Recent Titles in the Sir Geoffrey Mappestone Series
THE BISHOP’S BROOD
THE KING’S SPIES
THE COINERS’ QUARREL
THE BLOODSTAINED THRONETHE BLOODSTAINED THRONE
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First world edition published 2010
in Great Britain and in the USA by
SEVERN HOUSE PUBLISHERS LTD of
9–15 High Street, Sutton, Surrey, England, SM1 1DF.
Copyright © 2010 by Simon Beaufort.
All rights reserved.
The moral right of the author has been asserted.
British Library Cataloguing in Publication Data
The Bloodstained Throne. – (A Sir Geoffrey Mappestone mystery)
1. Mappestone, Geoffrey, Sir (Fictitious character) –
Fiction. 2. Shipwreck victims – Fiction. 3. Great Britain –
History – Norman period, 1066–1154 – Fiction. 4. Detective and mystery stories.
I. Title II. Series
ISBN-13: 978-1-78010-095-1 (ePub)
ISBN-13: 978-0-7278-6917-3 (cased)
ISBN-13: 978-1-84751-264-2 (trade paper)
Except where actual historical events and characters are being described for the storyline of this novel, all situations in this publication are fictitious and any resemblance to living persons is purely coincidental.
This ebook produced by
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Falkirk, Stirlingshire, Scotland.
For Ken and Janie Thomas, the dearest of friends
Near Pevenesel, Late September 1103
The groans of the dying ship were terrible to hear. The tearing of her hull and the snap of her spars and masts were audible even above the crashing of waves and the manic shriek of wind. The sails were reduced to tattered rags, and the ship’s carved bow was little more than splinters. Planking and stores ripped from her were thrown ashore by waves twice the height of a man.
Overhead, the afternoon sky was dark, although rent now and then by slashes of lightning. Thunder growled, but in the distance now, indicating that the storm was finally moving west. Miraculously, some passengers and crew had survived. A few were still flailing in the breakers, while others were in small groups ashore, huddled around the scanty possessions they had managed to salvage.
It was thanks to Captain Fingar’s skill and experience that anyone had survived at all. When the ship’s hold had flooded suddenly, Fingar had known she was lost, so he had driven her towards shore to give everyone a better chance. But within moments of scraping the bottom, the ship began to disintegrate.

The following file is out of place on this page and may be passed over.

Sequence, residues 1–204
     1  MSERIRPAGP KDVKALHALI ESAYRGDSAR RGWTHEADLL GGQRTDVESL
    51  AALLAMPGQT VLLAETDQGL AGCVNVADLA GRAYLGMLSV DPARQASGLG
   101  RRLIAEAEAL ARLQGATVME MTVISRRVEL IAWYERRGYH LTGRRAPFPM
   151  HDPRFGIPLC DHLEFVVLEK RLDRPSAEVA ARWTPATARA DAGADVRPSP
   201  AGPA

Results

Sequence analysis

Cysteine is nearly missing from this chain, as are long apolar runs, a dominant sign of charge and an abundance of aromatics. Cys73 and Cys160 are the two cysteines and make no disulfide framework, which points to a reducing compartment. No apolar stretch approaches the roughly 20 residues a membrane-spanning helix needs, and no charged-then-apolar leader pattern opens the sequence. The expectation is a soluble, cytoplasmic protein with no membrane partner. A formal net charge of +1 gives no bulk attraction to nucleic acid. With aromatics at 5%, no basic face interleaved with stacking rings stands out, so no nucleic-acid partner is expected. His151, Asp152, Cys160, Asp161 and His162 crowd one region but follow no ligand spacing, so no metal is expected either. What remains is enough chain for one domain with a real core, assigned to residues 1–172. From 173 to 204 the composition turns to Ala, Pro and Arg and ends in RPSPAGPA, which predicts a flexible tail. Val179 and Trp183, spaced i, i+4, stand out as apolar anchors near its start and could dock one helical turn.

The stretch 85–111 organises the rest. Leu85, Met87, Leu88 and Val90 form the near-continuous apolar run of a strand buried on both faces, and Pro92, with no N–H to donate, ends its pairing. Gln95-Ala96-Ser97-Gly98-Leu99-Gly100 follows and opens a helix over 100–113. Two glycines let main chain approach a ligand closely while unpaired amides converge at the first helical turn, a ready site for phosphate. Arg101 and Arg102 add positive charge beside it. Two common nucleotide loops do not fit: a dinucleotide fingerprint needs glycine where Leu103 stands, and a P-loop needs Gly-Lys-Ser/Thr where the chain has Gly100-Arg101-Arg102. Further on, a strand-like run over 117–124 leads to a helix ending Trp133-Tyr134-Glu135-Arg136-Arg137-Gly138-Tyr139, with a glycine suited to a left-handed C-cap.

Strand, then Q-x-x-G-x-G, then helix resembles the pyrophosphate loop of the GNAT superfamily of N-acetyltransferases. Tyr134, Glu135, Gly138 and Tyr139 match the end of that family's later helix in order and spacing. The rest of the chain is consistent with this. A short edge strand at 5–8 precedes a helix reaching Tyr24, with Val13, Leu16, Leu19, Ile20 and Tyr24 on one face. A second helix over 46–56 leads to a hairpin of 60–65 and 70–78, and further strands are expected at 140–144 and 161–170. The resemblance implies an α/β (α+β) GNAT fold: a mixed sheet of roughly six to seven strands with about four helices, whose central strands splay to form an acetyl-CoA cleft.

Sir Geoffrey Mappestone was among the lucky ones. He had guessed as soon as he had heard the roar of breakers that the ship was doomed, and he had managed to warn his companions, seize his saddlebag and unleash his dog. The horses, however, had been tethered aft, and although he had tried his best to reach them, the task was impossible. It was a sickening wrench to lose his warhorse: the animal had carried him into battle when Jerusalem had fallen to the Crusading army three years before, and he could not imagine life without it. Geoffrey was a knight, trained from an early age to fight on horseback. Now he had no horse he was unable to suppress the sense that he was less of a man because of it.
‘I told you we should never have sailed in this weather,’ said his friend accusingly, spitting to remove the taste of salty water from his mouth.
Sir Roger of Durham was a massive, powerful man with a thick black beard and long raven curls, both cultivated in accordance with latest fashions at Court. Geoffrey preferred to keep his light-brown hair short, military fashion, and was clean-shaven, indicating Roger had adapted far more readily to civilian life than had Geoffrey. Both wore surcoats that proclaimed them
– those who had rallied to the Pope’s call to wrest the Holy City from the infidel. Their surcoats, armour and small arsenal of weapons had been the first items they had bundled up to save from the wreck.
The two made unlikely companions. Roger was blunt, transparent and suspicious of anything he did not understand – and since he was illiterate and deeply superstitious, this meant there was a great deal he deemed heretical or sinister. By contrast, Geoffrey had occasionally considered dedicating his life to scholarship. Unusually for a knight, he could read and write, and he owned a deep love of books and scrolls.
‘The weather was fine when we left Bristol,’ he said, watching the dying ship writhe in the waves. It was ugly to behold, and when a shrill cry sounded, he hoped it was a gull, not a horse.
‘But there were omens,’ countered Roger. ‘And you ignored them. Your wife
your sister urged you to remain at Goodrich, and I said the same. But you knew better, and now look where it has landed us.’
‘At least we
landed,’ said Geoffrey’s squire, Bale, loyally defending his master, although he had not approved of the journey either, when celestial phenomenon had warned against it. He nodded towards the churning sea. ‘We might still be out there.’
Geoffrey glanced at the other survivors, noting that many were missing – Vitalis, an old man with whom he had quarrelled, and his two female companions; there had been a monk and a pair of Saxons, too . . .
‘Vitalis will not be missed,’ said Roger, reading his thoughts. He glanced at Geoffrey, a hard look in his dark-brown eyes. ‘I do not take kindly to men who make accusations, then use their age as an excuse to avoid a duel.’
‘He was not in his right wits,’ said Geoffrey.
‘He deserved to drown,’ Bale declared harshly. ‘No man should accuse Sir Geoffrey of cowardice and live to tell the tale.’
‘He did not accuse me of cowardice!’ objected Geoffrey, startled by the way Bale had interpreted the argument from two days before.